The main problem here is that you don't understand matching the cam timing to the static compression ratio of the motor. A camshaft is not a stand-alone part. It is dependent on other facets of the build to get to a well-coordinated platform. I would be very surprised if that motor is even 8.5:1 static compression ratio and common sense would tell me that it's even less than that. Take a look at this chart I put together. Everything on this page was taken directly from the Crane Cams catalog, as far as matching static compression ratio to the 0.050" tappet lift duration.
http://www.crankshaftcoalition.com/wiki/Cam_and_compression_ratio_compatibility
I have an idea that if you had chosen a cam something like this.....
Crane Cams 114112 2020 Hydraulic Flat Tappet Camshaft Lifter Kit Chevy 262-400 V8 57-87 RPM Range: 800-4400, Duration @.050": 194/204, Lift: 0.401/
that you wouldn't be writing the post here in the first place.

Thanks AutoGear and BuzzLOL, you guys nailed the problem before I chimed in.
 

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Discussion Starter #7
Im not sure on most of these questions. I have very little knowledge on engines. Someone rebuilt as stock with a 2 barrel. While still fresh, i had someone install cam and intake. Its just flat running. And as before it loses alot of power when put in gear. Torque converter issue? And the heads are stock. Im not sure which way to turn. Could be simple or expensive....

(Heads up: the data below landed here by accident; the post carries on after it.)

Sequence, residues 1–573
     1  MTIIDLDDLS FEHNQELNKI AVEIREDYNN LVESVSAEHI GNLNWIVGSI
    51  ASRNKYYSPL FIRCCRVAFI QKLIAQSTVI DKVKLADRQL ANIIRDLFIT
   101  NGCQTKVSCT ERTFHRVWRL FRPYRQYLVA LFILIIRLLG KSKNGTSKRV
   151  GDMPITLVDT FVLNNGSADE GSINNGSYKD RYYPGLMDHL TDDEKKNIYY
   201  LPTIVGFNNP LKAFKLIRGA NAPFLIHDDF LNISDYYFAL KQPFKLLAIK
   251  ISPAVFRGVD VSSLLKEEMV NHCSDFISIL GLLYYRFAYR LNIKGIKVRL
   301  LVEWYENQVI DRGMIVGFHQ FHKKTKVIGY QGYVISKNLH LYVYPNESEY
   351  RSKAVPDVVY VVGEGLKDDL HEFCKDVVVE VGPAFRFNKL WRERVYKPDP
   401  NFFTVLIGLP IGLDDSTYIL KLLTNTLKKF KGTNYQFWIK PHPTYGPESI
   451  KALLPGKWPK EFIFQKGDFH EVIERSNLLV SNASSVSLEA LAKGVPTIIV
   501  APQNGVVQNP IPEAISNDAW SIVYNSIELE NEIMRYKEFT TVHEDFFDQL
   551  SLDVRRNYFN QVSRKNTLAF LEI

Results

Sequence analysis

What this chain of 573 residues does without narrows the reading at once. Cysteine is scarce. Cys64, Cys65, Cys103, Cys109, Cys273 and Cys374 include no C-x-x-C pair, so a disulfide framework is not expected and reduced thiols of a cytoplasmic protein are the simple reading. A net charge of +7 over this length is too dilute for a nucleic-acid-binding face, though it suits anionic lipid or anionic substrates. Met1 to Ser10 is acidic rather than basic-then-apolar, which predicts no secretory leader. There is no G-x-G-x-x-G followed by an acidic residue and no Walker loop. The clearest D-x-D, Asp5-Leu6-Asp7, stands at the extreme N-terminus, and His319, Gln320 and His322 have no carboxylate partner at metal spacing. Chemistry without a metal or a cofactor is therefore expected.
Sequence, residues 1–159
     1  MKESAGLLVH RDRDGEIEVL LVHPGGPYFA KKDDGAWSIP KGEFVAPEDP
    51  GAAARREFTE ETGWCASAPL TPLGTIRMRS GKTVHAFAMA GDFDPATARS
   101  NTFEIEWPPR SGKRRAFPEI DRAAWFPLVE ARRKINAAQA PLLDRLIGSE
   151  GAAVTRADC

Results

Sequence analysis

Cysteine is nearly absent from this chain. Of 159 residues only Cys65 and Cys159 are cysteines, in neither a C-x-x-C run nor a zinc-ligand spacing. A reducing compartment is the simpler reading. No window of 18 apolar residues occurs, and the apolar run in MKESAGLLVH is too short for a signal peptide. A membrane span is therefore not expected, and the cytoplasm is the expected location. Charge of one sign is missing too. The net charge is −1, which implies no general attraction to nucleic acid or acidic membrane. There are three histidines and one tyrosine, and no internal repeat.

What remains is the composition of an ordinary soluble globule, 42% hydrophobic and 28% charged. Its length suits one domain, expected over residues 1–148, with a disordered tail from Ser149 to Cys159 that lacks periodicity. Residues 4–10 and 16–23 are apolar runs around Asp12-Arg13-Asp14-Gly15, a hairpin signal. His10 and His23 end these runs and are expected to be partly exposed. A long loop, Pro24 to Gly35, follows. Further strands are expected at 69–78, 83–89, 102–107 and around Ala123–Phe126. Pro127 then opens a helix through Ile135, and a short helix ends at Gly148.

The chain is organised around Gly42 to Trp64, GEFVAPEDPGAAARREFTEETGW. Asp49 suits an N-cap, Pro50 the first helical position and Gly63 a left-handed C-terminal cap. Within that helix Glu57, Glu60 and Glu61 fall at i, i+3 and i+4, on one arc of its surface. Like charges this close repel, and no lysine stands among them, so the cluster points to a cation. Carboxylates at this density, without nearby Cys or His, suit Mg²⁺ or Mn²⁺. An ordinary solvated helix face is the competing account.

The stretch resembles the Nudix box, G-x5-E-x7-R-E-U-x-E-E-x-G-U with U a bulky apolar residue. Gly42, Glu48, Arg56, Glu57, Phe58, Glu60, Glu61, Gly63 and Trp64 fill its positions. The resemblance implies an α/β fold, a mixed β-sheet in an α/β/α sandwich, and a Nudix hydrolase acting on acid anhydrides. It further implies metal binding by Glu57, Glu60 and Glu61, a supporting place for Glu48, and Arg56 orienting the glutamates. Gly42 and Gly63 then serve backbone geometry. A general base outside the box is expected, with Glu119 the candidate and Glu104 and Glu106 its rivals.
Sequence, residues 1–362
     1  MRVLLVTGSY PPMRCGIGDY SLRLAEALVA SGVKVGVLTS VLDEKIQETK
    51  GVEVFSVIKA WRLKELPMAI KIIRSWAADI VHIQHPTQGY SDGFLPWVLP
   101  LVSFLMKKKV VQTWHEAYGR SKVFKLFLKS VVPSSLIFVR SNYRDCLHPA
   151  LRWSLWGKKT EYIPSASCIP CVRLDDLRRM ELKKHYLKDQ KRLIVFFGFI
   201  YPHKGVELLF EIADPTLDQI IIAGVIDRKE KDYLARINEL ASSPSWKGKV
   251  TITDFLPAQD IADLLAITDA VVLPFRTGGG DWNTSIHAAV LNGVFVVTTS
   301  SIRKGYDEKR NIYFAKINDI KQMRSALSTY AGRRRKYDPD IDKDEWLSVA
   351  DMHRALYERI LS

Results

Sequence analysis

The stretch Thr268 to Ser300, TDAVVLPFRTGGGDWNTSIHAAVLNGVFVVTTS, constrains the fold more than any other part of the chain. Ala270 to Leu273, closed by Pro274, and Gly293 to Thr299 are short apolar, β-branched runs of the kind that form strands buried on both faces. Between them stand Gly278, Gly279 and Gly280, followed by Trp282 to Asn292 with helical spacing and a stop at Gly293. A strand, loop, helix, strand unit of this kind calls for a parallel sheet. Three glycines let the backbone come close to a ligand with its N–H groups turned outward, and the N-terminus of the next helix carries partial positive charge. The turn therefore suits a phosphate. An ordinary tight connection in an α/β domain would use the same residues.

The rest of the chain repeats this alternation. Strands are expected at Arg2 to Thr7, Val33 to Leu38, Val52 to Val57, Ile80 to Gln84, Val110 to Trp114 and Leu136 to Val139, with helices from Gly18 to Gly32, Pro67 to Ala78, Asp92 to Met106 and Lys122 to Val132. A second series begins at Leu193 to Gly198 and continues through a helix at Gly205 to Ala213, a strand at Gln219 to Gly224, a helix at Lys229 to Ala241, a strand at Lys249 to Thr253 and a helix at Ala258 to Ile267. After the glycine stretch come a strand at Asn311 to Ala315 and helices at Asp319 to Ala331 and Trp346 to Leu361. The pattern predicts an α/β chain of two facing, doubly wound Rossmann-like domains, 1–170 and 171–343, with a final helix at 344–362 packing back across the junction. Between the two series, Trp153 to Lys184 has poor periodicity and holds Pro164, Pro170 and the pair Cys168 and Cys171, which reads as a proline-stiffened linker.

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Im not sure on most of these questions. I have very little knowledge on engines. Someone rebuilt as stock with a 2 barrel. While still fresh, i had someone install cam and intake. Its just flat running. And as before it loses alot of power when put in gear. Torque converter issue? And the heads are stock. Im not sure which way to turn. Could be simple or expensive....
Remove hot rod cam. Install stock cam. Done.
 

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I agree with some of the info here. Definitely check for vacuum leaks, get the timing right, valve adjustment, etc.
But a 262, [email protected] .050" needs 10-11:1? Really? Even if it's 8.5 I would think it should run ok. Do you think a 262 is THAT big of a cam, even in a 283? Maybe 10:1 would be ideal, tho. (would that mean a 280 Magnum cam needs 12-13:1 then?) Or are you saying smaller motors need to have higher CR than larger motors with the same cam?